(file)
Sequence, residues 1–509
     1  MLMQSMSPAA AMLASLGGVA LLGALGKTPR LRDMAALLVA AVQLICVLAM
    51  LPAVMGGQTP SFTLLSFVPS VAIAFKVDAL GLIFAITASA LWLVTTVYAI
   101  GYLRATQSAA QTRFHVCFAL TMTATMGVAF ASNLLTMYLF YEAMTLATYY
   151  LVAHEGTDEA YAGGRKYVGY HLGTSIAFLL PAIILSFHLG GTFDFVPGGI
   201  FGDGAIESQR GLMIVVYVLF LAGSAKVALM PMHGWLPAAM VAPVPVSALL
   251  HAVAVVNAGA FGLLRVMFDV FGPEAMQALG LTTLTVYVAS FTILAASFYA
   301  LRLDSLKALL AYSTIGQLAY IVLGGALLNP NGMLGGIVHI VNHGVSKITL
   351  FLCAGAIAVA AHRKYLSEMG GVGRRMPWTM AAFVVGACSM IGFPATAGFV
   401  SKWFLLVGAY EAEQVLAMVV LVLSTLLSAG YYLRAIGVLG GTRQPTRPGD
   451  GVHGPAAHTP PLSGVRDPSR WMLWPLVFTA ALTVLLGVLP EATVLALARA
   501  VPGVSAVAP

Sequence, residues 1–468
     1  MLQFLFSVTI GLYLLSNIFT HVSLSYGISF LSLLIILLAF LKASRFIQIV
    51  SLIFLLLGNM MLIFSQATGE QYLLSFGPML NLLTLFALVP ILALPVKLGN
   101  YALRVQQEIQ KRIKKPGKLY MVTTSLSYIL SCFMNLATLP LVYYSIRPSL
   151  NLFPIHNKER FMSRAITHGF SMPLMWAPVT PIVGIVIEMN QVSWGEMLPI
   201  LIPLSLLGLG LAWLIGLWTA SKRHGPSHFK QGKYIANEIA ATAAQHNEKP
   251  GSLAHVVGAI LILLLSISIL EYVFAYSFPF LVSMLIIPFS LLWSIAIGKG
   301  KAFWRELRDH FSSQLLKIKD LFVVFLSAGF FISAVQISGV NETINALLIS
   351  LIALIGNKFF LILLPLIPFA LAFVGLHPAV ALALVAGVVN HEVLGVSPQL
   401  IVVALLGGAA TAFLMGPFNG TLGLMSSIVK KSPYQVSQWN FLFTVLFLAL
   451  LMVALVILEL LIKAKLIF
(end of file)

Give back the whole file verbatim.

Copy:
Sequence, residues 1–509
     1  MLMQSMSPAA AMLASLGGVA LLGALGKTPR LRDMAALLVA AVQLICVLAM
    51  LPAVMGGQTP SFTLLSFVPS VAIAFKVDAL GLIFAITASA LWLVTTVYAI
   101  GYLRATQSAA QTRFHVCFAL TMTATMGVAF ASNLLTMYLF YEAMTLATYY
   151  LVAHEGTDEA YAGGRKYVGY HLGTSIAFLL PAIILSFHLG GTFDFVPGGI
   201  FGDGAIESQR GLMIVVYVLF LAGSAKVALM PMHGWLPAAM VAPVPVSALL
   251  HAVAVVNAGA FGLLRVMFDV FGPEAMQALG LTTLTVYVAS FTILAASFYA
   301  LRLDSLKALL AYSTIGQLAY IVLGGALLNP NGMLGGIVHI VNHGVSKITL
   351  FLCAGAIAVA AHRKYLSEMG GVGRRMPWTM AAFVVGACSM IGFPATAGFV
   401  SKWFLLVGAY EAEQVLAMVV LVLSTLLSAG YYLRAIGVLG GTRQPTRPGD
   451  GVHGPAAHTP PLSGVRDPSR WMLWPLVFTA ALTVLLGVLP EATVLALARA
   501  VPGVSAVAP

Sequence, residues 1–468
     1  MLQFLFSVTI GLYLLSNIFT HVSLSYGISF LSLLIILLAF LKASRFIQIV
    51  SLIFLLLGNM MLIFSQATGE QYLLSFGPML NLLTLFALVP ILALPVKLGN
   101  YALRVQQEIQ KRIKKPGKLY MVTTSLSYIL SCFMNLATLP LVYYSIRPSL
   151  NLFPIHNKER FMSRAITHGF SMPLMWAPVT PIVGIVIEMN QVSWGEMLPI
   201  LIPLSLLGLG LAWLIGLWTA SKRHGPSHFK QGKYIANEIA ATAAQHNEKP
   251  GSLAHVVGAI LILLLSISIL EYVFAYSFPF LVSMLIIPFS LLWSIAIGKG
   301  KAFWRELRDH FSSQLLKIKD LFVVFLSAGF FISAVQISGV NETINALLIS
   351  LIALIGNKFF LILLPLIPFA LAFVGLHPAV ALALVAGVVN HEVLGVSPQL
   401  IVVALLGGAA TAFLMGPFNG TLGLMSSIVK KSPYQVSQWN FLFTVLFLAL
   451  LMVALVILEL LIKAKLIF